Sep 26, 2015

Producing Soy and Corn in Brazil Costs More due to Weak Currency

Author: Michael Cordonnier/Soybean & Corn Advisor, Inc.

Farmers in Mato Grosso have purchased 91% of the inputs needed to produce their 2015/16 soybean crop. According to the Mato Grosso Institute of Agricultural Economics (Imea), the cost of producing the soybeans increased 18% compared to last year and Imea estimates that it will cost R$ 2,920 per hectare this growing season.

The main reason for the big increase in production costs is because 70% of Brazil's fertilizers and most of the agricultural chemicals are imported and the weakening of the Brazilian currency has made those imports more expensive. According to Imea, during the time when the inputs were purchased, the exchange rate between the Brazilian real and the U.S. dollar averaged 2.92 to 1. The current exchange rate is approximately 4 reals per dollar.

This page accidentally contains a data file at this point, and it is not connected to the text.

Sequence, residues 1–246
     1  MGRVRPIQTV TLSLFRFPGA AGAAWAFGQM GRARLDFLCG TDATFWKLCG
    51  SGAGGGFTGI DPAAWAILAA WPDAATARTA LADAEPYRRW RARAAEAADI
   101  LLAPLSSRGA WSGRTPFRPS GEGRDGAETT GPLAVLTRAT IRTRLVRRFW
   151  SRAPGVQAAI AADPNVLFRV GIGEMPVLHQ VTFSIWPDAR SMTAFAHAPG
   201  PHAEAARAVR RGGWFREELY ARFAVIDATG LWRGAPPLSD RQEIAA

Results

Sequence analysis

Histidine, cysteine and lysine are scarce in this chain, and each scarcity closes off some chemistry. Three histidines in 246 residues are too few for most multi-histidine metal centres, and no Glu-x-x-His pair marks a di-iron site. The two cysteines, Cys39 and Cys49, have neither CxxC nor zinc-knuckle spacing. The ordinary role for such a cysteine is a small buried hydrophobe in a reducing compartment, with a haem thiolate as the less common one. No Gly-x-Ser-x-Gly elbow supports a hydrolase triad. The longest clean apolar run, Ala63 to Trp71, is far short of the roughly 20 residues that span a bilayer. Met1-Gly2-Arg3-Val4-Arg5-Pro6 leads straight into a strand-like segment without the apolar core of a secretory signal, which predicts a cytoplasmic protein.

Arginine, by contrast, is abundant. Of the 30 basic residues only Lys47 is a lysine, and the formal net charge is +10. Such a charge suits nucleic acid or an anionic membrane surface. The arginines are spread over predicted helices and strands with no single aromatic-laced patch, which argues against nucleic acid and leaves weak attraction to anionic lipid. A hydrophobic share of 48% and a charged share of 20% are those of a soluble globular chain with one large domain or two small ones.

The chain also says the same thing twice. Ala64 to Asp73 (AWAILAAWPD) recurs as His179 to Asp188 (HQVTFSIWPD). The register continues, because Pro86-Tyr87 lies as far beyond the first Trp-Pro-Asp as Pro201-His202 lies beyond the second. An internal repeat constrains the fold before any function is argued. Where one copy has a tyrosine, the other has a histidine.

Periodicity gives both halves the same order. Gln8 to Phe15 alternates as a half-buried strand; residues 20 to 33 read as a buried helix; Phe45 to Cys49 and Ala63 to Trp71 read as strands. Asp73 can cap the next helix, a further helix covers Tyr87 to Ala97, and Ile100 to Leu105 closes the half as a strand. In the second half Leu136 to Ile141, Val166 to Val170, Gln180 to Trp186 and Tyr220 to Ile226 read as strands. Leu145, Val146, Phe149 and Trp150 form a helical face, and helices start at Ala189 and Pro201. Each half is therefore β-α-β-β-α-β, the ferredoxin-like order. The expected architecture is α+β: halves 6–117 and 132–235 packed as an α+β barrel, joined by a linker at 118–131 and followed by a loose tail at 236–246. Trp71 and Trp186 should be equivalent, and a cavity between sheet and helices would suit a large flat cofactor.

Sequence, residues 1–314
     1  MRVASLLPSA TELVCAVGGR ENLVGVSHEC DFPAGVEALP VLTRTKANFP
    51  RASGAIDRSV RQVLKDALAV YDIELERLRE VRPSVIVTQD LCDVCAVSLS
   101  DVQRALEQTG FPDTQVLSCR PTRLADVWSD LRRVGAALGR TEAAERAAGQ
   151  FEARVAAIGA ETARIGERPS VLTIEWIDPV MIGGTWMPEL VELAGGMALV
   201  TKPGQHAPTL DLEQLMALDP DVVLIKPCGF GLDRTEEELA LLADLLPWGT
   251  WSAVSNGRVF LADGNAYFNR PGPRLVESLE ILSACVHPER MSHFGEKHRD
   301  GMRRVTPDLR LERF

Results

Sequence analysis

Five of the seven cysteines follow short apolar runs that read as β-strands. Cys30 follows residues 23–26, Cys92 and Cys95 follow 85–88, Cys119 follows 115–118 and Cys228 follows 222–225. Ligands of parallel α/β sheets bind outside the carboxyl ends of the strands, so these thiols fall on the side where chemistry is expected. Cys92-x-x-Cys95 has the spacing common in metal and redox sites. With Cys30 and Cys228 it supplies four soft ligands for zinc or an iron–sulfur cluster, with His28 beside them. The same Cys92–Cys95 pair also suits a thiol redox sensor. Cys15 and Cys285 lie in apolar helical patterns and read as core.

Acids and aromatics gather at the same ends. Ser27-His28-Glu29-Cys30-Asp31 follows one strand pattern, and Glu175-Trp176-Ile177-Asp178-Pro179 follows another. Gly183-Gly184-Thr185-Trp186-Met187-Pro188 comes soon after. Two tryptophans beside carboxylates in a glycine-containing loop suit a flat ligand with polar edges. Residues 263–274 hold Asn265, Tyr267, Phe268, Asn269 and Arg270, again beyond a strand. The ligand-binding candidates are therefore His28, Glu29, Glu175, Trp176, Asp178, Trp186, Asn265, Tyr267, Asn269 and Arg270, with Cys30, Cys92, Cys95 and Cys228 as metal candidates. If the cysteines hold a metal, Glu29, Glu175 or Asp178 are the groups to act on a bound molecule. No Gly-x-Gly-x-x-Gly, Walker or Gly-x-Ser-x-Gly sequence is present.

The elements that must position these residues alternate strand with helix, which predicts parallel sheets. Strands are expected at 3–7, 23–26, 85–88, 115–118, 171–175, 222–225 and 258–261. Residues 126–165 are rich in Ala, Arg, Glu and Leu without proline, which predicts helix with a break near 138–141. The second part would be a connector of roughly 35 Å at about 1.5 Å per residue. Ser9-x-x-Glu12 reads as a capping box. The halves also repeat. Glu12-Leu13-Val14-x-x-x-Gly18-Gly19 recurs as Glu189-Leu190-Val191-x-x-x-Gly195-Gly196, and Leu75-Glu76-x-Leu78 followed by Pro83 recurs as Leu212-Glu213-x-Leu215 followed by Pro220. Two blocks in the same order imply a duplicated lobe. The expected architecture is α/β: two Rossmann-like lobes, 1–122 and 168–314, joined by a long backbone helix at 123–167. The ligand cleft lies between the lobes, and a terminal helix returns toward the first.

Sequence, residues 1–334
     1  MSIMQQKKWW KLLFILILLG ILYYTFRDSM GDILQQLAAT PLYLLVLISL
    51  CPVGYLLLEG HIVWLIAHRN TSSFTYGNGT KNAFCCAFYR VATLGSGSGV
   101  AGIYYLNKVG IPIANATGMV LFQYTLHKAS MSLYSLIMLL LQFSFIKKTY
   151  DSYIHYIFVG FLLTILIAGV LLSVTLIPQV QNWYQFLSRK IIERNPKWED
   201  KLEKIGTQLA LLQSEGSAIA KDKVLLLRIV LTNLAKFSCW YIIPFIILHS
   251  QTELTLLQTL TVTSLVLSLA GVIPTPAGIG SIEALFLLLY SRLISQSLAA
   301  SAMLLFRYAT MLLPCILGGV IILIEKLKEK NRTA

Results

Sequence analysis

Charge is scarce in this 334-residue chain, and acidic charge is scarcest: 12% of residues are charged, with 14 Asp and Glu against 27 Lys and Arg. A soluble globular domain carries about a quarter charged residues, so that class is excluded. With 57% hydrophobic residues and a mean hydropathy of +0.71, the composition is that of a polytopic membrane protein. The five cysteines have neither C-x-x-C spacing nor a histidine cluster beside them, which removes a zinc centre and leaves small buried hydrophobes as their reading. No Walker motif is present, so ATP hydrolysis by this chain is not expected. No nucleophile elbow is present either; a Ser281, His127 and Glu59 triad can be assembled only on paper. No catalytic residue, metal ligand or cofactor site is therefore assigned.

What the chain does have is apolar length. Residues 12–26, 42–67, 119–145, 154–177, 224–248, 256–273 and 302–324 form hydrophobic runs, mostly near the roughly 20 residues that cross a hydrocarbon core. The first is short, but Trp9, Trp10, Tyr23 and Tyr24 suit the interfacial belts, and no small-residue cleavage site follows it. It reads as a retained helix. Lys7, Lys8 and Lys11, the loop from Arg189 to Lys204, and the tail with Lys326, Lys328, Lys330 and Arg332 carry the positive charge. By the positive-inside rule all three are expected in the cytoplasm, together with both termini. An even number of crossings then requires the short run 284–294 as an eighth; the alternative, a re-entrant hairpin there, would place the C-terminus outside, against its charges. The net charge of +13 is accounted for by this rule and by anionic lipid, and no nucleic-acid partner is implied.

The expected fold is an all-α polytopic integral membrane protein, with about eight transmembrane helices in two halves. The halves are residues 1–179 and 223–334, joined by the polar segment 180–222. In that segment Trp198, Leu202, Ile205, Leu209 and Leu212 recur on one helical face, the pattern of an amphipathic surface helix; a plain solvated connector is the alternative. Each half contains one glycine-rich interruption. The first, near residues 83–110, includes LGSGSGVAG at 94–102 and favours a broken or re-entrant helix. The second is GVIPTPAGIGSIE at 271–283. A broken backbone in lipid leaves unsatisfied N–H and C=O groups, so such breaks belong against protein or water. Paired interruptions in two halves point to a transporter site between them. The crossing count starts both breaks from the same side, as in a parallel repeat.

While their costs have increased significantly this growing season, Brazilian farmers are very worried about their 2016/17 crop. At the rate that the Brazilian currency is devaluating, the crop that farmers will plant a year from now could end up being significantly more expensive than the current crop.